A Place To Hide

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Status: Finished  |  Genre: Flash Fiction  |  House: Booksie Classic
A college girl has news to share with her mother. She wishes she could hide instead. But sometimes there is no place to hide.

Submitted: January 30, 2015

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Submitted: January 30, 2015

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A Place To Hide

by Tanya R. Simon

All Rights Reserved, 2015

 

Sometimes there is no place to hide. Even though every cell in your body is screaming at you to run, to hide, to getaway, sometimes you have to stay and face whatever is coming at you like a runaway freight train.

 

And as much as Drea Porter wanted to turn around and run out of the room, to not have to face telling her mother the thing that would devastate her, she had to stay and say it. She had no choice. If she did not do it today, her body would do it for her in a few months. So, Drea walked into her mother’s sewing room and sat on the floor because every other available surface was covered with fabric and various other things that her mother used to make the keepsakes she sold at the fair and for church fundraisers.

 

Her mother smiled at her softly and went back to her sewing. “I didn’t hear you come in. Did you just get back from the college?”

 

Drea watched the needle going in and coming out of the intricately detailed lace, christening gown her mother was hand finishing. Her mother looked back up at her, her brown eyes puzzled because it was taking Drea so long to answer. “Yes. The drive was perfect, just enough breeze to feel good with the windows down, but not be cold. I can’t believe how nice the weather is for this time of year.”

 

“Drea what’s wrong? I know my daughter and you have something to tell me.” Her mother put aside the christening gown. And took Drea’s hands in her work roughened ones. “We have always been able to tell each other anything. That didn’t change because you went away to college.”

 

Drea stared at their joined hands for a minute and then looked up into her mother’s kind, patient eyes. She thought it would be best if she did it fast like removing a band-aid. “Mom. I thought I had the flu so I went to the clinic on campus.”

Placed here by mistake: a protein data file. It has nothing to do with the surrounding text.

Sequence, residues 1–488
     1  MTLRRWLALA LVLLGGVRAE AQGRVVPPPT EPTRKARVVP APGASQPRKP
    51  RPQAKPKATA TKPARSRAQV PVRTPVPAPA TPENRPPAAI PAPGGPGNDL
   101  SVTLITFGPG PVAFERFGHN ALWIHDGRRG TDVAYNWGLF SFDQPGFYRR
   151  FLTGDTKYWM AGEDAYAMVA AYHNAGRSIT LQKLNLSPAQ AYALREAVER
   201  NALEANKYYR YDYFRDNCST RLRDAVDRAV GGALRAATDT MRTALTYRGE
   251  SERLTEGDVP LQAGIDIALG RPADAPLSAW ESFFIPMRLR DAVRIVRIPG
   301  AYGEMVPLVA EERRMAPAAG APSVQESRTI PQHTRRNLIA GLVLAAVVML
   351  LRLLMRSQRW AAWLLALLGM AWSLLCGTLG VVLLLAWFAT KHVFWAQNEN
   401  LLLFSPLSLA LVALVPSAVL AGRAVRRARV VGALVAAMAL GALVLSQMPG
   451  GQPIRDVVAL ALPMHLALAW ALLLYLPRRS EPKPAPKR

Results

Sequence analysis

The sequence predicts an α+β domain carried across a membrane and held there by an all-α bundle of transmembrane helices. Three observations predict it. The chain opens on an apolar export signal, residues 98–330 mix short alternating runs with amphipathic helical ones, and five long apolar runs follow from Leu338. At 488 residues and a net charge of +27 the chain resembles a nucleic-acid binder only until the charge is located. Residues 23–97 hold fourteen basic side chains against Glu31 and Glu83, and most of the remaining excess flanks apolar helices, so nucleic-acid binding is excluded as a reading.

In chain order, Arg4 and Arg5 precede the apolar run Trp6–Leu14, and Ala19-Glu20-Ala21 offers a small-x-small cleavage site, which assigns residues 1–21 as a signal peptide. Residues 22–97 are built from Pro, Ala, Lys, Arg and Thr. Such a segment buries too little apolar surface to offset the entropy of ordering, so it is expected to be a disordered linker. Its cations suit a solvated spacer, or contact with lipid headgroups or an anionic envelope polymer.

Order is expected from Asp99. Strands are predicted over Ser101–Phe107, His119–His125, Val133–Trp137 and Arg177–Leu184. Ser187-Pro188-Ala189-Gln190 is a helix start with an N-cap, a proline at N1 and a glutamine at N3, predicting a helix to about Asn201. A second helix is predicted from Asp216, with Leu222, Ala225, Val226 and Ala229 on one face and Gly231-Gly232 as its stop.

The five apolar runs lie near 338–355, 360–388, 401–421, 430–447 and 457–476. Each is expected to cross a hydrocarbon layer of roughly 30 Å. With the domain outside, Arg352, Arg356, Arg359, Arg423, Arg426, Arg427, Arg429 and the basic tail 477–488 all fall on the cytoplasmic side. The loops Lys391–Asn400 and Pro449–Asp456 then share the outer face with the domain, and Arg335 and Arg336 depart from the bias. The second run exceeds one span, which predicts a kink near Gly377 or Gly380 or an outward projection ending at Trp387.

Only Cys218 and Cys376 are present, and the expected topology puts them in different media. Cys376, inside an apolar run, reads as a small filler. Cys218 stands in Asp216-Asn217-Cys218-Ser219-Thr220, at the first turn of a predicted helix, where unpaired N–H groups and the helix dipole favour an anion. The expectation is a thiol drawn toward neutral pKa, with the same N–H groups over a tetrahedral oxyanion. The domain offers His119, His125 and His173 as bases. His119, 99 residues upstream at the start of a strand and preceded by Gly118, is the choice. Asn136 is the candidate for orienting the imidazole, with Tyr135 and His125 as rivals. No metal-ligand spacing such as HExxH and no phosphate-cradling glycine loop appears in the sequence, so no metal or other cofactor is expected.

“Are you pregnant?” Her mother’s hands tightened on hers. “Don’t worry, we will find a way for you to stay in school, if you want to keep the baby. I will help you…”

 

“Mom, I am not pregnant. I have AML.” Her mother blanched and Drea had to look down. “Acute Myeloid Lukemia.” She looked back up at her mother. “I had a second opinion on my second opinion.” She fought back the terror that came every time she had to say the words. “I have about 3 months to live. There is no treatment that can help when it is at this stage. Chemo will not work, neither will marrow transplants or any of the more experimental treatments.” When her mother just stared at her with eyes that had completely dilated, she hurried on. “I withdrew from school, made arrangements for when…” She swallowed hard and forced herself to say it. “For when I die. I came home to spend the remaining time with my best friend. I couldn’t think of anywhere else I would rather be. But if you do not think you can handle it, I will go to hospice. There is a nice one not too far from here you could visit whenever you wanted.”

 

This broke through her mother’s terror. “You will stay here. You will be at peace.” Her voice cracked. “You will be in familiar settings when the time comes.” She jumped out of her chair and grabbed her daughter, squeezing her tight. “I’m here, Drea. Mama’s here.”

 

As Drea squeezed her mother back she wished there was some place they could both go and hide where this would not find them.


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